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Is now the time to tame Magaluf?
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File image of young tourists in Magaluf's main strip
Local officials want to transform Magaluf from a raucous resort into an upmarket destination. Will Covid-19 be a help or a hindrance?
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For years, officials in Magaluf, a resort town on the Spanish island of Mallorca, have waged a battle against booze-fuelled tourism. They’ve banned pub crawl tours, happy hours and late-night alcohol sales in shops. They have long been upfront about their goal: to transform the raucous resort into an upmarket destination, the kind capable of attracting families and year-round tourists. 

Now, they’re hoping the coronavirus pandemic might succeed where their efforts have so far faltered. “You can look at Covid as a threat. But it’s also an opportunity,” says Javier Pascuet, the director of tourism for the municipality of Calvià, which includes Magaluf. “When you’re driving, you can turn a little. But when you’re stopped, you can back up or change direction dramatically.” 

Set on a white sandy beach and usually home to an ample offering of party boats, jam-packed pool parties and heaving bars, Magaluf receives a fraction of the more than 10 million visitors who arrive on Mallorca in a normal year. But the hard partying and, at times, sexually charged antics of these travellers – often young, often from the UK – tend to dominate international headlines about the island. 

“It’s a symbol of the degeneration of tourism,” says Antoni Janer, who is part of a group that recently held a tour of Magaluf for locals, walking them through a stretch of bars and nightclubs once dubbed “500 metres of shame” by a former regional leader. “It’s a tourism model that trivialises uncivil behaviour that, I’m sure, in England would be penalised by law. And here we turn a blind eye.”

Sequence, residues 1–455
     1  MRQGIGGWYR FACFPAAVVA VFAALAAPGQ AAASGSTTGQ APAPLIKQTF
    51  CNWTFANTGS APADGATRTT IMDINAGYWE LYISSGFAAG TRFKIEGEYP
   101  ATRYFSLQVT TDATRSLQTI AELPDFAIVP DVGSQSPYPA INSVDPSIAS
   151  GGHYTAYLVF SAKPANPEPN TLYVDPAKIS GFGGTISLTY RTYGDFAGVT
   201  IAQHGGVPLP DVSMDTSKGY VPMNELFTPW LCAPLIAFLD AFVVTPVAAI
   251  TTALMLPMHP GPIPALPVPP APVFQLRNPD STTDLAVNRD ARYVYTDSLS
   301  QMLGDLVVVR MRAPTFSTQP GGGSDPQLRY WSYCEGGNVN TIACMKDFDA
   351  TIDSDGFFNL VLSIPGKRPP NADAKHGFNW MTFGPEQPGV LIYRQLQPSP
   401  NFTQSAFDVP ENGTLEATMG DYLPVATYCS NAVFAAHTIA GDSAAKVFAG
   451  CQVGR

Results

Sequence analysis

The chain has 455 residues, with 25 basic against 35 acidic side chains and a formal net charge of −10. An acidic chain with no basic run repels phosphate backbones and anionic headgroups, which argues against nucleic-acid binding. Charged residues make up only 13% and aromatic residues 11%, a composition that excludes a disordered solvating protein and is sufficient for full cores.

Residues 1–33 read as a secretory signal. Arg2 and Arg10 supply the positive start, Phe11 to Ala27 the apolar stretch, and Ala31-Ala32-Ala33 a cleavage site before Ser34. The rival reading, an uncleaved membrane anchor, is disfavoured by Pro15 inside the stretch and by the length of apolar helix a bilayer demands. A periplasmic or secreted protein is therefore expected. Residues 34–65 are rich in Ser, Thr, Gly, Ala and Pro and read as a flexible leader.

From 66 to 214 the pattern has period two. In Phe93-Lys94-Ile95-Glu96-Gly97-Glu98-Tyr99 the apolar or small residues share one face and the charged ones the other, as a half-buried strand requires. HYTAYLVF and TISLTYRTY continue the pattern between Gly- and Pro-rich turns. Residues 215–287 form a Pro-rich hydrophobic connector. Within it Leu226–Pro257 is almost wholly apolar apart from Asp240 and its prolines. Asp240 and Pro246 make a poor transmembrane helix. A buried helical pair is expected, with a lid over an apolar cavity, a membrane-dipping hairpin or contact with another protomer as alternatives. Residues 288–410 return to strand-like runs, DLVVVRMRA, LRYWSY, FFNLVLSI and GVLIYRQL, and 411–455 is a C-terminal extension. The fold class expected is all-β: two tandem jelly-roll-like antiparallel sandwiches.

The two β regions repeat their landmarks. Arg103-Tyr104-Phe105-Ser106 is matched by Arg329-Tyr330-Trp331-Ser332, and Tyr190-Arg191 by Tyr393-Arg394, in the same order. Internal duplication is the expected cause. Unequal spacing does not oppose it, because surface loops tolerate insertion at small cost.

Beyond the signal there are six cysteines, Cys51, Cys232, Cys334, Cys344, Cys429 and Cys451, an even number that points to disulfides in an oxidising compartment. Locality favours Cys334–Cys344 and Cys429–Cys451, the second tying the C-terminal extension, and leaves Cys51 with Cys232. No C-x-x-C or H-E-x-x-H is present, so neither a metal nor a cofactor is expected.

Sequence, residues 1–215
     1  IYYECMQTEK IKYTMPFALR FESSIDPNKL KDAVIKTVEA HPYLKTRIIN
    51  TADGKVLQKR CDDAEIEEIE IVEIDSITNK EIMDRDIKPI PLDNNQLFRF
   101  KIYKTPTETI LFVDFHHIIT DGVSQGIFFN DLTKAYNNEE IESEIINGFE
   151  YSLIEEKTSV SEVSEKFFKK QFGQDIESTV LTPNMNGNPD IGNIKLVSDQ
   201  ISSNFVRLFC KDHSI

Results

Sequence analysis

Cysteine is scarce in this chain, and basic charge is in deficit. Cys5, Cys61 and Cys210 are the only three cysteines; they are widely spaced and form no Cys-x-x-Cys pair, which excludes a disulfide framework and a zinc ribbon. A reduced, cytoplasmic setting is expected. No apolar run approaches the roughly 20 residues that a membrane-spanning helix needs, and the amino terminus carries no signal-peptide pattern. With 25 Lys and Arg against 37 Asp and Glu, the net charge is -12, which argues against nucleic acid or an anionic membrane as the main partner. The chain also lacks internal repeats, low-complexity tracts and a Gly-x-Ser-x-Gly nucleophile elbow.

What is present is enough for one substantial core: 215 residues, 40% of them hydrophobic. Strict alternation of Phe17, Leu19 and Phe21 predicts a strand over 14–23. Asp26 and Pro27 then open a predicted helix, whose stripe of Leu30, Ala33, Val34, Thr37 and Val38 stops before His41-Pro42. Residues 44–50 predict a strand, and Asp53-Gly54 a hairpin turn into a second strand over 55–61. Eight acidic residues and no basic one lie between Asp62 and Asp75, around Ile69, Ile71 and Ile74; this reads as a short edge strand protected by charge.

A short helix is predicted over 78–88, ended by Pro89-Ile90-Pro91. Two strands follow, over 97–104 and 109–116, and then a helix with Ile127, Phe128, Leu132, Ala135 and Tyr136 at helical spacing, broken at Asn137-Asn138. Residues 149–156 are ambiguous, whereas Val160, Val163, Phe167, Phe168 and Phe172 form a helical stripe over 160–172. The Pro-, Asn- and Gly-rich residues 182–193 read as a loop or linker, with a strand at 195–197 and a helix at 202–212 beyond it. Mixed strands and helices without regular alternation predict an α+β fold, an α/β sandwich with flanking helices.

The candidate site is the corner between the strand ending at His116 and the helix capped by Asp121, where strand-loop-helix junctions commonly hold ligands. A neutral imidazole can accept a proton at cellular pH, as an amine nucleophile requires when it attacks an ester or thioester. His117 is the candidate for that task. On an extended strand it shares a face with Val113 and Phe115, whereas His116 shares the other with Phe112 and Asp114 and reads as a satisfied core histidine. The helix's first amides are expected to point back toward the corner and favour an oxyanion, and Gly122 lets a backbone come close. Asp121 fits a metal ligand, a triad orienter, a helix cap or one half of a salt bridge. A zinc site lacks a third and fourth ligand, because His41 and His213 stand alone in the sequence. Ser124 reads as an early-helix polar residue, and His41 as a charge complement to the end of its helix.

While Janer, 41, is critical of the industry, he insists the aim of the tour is not to demonise a sector that has brought economic gains to the island. Instead, the hope is to provoke a reflection on the trade-offs the prosperity has brought, from the increasingly precarious and low-paid nature of its jobs to the rising cost of living driven by the growing popularity of the island.  

Getting a lot of people partying, getting the streets dirty or ending up in hospitals, it’s a huge cost for locals - Javier Pascuet

It’s a debate that has long echoed across Spain, where one in eight jobs depends on tourism. Prior to the pandemic Spain ranked as one of the world’s most-visited countries, with tourism accounting for around 12% of its GDP. 

For islands such as Mallorca, this dependency has squared off against broader questions of sustainability, as millions of annual visitors pack onto beaches and into green spaces and add to the island’s noise and air pollution. “Getting 10 million tourists a year, it has a cost,” says Pascuet, the tourism director from Calvià. “And for us, getting a lot of people partying, getting the streets dirty or ending up in hospitals, it’s a huge cost for locals.” 

‘Uncivil tourists’ 

These concerns have underpinned the push to tame Magaluf. Officials have rolled out a raft of initiatives over the years: three-star hotels have been steadily upgraded to four-star iterations, British police were briefly brought in to help keep order and at one point a name change was batted about for the resort town. Earlier this year the regional government unveiled what it described as a European first: a decree that slapped restrictions on all-you-can-drink parties, 2 for 1 drink specials and vending machines that sell alcohol, among other measures, in a bid to curb binge-drinking tourism in specific areas of the island.

Officials in Magaluf have explored various ways, including drafting in British police, to better manage the young tourists

Officials in Magaluf have explored various ways, including drafting in British police, to better manage the young tourists

These efforts have yielded some success. Between 2015 and 2019, the number of young, often hard-partying, tourists in Magaluf dropped from around 10,000 a day to some 5,000, according to Pascuet. Yet in July, soon after Spain’s lockdown ended and tourism began sputtering to life, Magaluf found itself again in the headlines. Footage had gone viral of revellers partying in the streets while flouting local laws on wearing masks and social distancing, sparking concerns across a country that had recently emerged from one of Europe’s strictest lockdowns. 

Local officials reacted swiftly. “We don’t want uncivil tourists in our islands, we don’t want them to come,” Iago Negueruela, the regional official in charge of tourism, told reporters as he ordered a two-month closure of bars, restaurants and shops on Magaluf’s main strip. The closures were also extended to two other streets near Playa del Palma known for partying and which are popular with German tourists.